Someone must know a faster way to arrive at the first page?
BTW @etalbert was the first DET person I found on twitter and Elaine quickly became my main source of good web 2.0 resources/knowledge with her excellent collections of slideshares. @heyjudeonline and @suewaters were (are) important tweeps to me, as they shared so generously, especially at their blogs.
There are so many people now who have helped me, helped us all – you are fantastic!
))))))))))))))thanks to you aalllll(((((((((((((
Chris Betcher and Vicki Davis would be the people I first followed.
I got interested through seeing @silkcharm, @Trib and @betchboy at work. Then you and @lasic worked magic to get me hooked. Widening the scope led me to @cburell and @wraptinweb. @cshirky and others revealed the new media vs the old debates and a wealth of fascinating education practitioners to learn from and to be stimulated to learn more.
rob abbey = roadster5555 since my pet is a bmw mbike
I love Twitter for the same reasons many have outlined here – keeping up to date with people, sharing ideas and resources, particularly in developing and nurturing a global PLN, real-time or near tracking of conferences and trends and adding value to live events & programs. It’s wonderful being able to ‘attend’ so many excellent conferences around the globe and converse and interact with others, courtesy of hashtags, search, tweets and RTs.
I had to look up how long ago (http://whendidyoujointwitter.appspot.com/) I started using Twitter (921 days on 18 October 2007) and the first people I followed.
This included some like-minded local colleagues and OZ bloggers (Al Upton, Jo McLeay, Graham Wegner, Judy O’Connell, Julian Ridden, Carol Skyring and such well knowns as George Siemens, Will Richardson, Alan Levine, Dion Hinchcliffe, Tim Lauer and Ewan McIntosh.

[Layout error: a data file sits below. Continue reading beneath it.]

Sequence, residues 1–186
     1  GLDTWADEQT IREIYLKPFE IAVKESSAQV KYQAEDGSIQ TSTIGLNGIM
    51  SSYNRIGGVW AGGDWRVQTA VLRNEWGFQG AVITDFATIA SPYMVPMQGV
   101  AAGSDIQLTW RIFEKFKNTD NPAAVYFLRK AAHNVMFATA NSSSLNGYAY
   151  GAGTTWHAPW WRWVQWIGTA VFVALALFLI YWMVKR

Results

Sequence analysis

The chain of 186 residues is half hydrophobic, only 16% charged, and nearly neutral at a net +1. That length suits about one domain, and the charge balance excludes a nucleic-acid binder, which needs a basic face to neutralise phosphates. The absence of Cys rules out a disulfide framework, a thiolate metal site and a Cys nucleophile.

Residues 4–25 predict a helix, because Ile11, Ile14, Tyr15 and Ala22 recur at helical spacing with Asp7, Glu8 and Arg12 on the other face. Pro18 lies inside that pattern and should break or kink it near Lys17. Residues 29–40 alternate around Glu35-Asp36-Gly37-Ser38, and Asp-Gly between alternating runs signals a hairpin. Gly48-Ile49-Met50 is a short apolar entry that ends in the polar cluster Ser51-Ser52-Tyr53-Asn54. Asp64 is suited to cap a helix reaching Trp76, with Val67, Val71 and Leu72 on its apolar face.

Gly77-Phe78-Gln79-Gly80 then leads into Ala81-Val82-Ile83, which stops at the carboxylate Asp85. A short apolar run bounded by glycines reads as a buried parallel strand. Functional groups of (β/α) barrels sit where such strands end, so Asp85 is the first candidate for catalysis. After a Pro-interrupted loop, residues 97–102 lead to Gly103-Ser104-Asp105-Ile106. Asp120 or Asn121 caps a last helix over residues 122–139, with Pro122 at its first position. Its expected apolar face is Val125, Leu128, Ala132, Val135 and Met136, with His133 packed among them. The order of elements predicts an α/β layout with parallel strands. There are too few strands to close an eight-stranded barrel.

Since then, I have added many more local, Oz and internationals to my Twitter network, including some of the good folk from DETNSW (including Darcy) and branched out to a more diverse network including political satirists (eg. fake Penny Wong).
It’s been enjoyable reading other people’s stories and seeing the similarities. Thanks Darcy.
I am only fairly new to Twitter (5 weeks) after a professional development day where Darcy introduced us to the concept of a PLN – so the first people I followed were @Darcy1968 and people like @kmcg2375 @madiganda @BiancaH80. I still feel a little intimidated by the whole process and haven’t had a whole lot to say but i have learnt a lot!
I am very envious of the DET network and what is happening there and the enthusiasm of the DET people who tweet. As a CSO person I feel a little left behind with the way DER is being implemented in our schools.
Thanks again Darcy for your great introduction to Twitter.
It’s fascinating to read about others’ Twitter journey as well as reflect on my own. I signed up not long after a tech conference and remember listening to a Chris Betcher podcast on how it takes a while to ‘get’ twitter. This was pretty accurate but once I had started to follow more and more people, particularly language teachers, it all fell into place. I began by following @jessmcculloch, who continues to inspire, as well as language teachers in the UK, Joe Dale, Isabelle Jones and Helena Butterfield. Closer to home I began by following Chris Betcher, Anne Baird, Judy O’connell and Sue Waters. My twitter PLN now has 3 strands – language teachers, Australian educators and people living in and blogging about Japan. It works beautifully.